"I'm not the one who usually goes around and talks trash about fighters, but personally I feel that I have been disrespected," said Ndou. "No man, I'm not scared to fight you, if anything, I've just been scared to hurt you and eventually you are going to get hurt when Sunday comes."

Asked to explain why he was so aggressive in his attempt to get a fight with Ndou, Rabah explained, "I wanted to fight him to show how good I am. I need to fight the top ten and he don't give me a chance to fight the top ten. He say, 'who you are?' I say 'Ok, fair enough', when I get there, you will have to fight me."

"I have always said, if the fight means something, I will fight him and this fight means a lot," said Ndou.

While he feels that he has been disrespected, Ndou says it does not translate into anger.

"One thing. Anger doesn't work in boxing," he said. "If you go to the ring carrying all that anger, it will end up working against you. It makes me feel I want to hurt him more, but I'm not angry. Actually, I'm happy now, I'm getting that opportunity to step into the ring with him and make him pay for what he said to me."

At one stage, Rabah and Ndou even began a religious debate of some sorts.

"No people can hurt me," said Rabah. "No one. God is the one, if he want to make you fall down, he make you fall down."

"You can bring ten Gods with you," interjected Ndou.

"I don't bring ten Gods," replied Rabah, "I believe there is only one God in the world. You're wrong man."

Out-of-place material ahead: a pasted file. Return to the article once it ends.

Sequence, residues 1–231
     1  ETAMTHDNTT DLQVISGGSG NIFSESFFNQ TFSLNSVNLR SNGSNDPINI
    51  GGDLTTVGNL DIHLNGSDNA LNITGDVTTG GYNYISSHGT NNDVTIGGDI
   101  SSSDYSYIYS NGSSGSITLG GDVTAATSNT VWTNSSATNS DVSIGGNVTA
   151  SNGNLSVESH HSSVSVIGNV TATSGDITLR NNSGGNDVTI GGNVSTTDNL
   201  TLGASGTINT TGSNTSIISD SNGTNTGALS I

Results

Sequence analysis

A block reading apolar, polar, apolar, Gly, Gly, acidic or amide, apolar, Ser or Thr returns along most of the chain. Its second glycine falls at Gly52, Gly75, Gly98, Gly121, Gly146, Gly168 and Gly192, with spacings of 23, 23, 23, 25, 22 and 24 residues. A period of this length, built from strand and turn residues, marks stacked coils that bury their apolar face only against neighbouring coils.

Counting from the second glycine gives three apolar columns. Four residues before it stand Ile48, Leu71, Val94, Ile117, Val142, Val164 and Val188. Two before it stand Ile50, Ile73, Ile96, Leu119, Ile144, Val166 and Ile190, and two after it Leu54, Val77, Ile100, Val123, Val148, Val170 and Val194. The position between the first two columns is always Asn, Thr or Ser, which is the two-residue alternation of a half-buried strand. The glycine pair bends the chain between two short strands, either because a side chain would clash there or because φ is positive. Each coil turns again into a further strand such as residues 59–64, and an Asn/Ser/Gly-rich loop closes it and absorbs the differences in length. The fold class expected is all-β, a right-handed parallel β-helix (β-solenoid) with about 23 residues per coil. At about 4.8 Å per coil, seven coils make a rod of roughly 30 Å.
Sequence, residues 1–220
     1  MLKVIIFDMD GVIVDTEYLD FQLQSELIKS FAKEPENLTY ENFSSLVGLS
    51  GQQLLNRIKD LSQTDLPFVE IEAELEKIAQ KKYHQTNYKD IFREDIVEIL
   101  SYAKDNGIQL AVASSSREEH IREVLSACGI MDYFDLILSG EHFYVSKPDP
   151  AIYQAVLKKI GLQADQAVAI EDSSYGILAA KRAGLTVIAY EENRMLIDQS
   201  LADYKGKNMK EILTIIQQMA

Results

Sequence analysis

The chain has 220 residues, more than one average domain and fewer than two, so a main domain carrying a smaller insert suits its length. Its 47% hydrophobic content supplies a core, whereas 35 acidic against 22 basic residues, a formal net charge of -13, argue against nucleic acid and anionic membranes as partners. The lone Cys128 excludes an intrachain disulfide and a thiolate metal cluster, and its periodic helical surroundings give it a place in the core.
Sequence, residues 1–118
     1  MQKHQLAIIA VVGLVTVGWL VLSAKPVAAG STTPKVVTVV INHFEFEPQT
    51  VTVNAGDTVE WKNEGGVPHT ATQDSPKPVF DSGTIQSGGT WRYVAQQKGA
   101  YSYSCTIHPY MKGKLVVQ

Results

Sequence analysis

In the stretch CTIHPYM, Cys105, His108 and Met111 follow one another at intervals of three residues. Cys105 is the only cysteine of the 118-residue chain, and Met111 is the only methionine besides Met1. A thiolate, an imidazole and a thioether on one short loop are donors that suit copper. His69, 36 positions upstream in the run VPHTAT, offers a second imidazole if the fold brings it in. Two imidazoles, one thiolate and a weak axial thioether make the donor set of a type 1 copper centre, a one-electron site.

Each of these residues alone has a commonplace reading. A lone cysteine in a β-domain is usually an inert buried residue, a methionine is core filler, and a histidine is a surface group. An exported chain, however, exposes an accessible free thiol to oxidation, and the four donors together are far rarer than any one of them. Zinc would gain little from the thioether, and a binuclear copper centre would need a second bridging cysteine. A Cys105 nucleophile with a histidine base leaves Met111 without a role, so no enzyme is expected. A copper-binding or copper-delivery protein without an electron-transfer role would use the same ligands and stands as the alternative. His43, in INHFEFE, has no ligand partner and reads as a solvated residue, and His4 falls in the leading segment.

"You can bring twenty," yelled Ndou.

"We don't have twenty," said Rabah. "The world would never be normal!"

Ndou rejected any suggestion that he is way past his best at the age of 35.

"Actually, at 35, I have more hunger," he said. "My old age is my strength. With old age comes more dedication and experience. I have got more will to win. I have got a family to feed. At 35, show me two 35 year-olds that look like me and I will show you fifty 20 year-olds that look like 'Krusty the Klown'. Age is no a barrier. Age is just a number. It makes no difference to me. I haven't lost my reflexes yet. I'm still one of the fittest fighters out there. I've still got my hand speed and all that. I can't see how this guy is going to beat me. He can't even match my fitness."

Asked to make a prediction for the fight, Rabah replied, "For me, I respect any boxer in the world. I don't like to talk."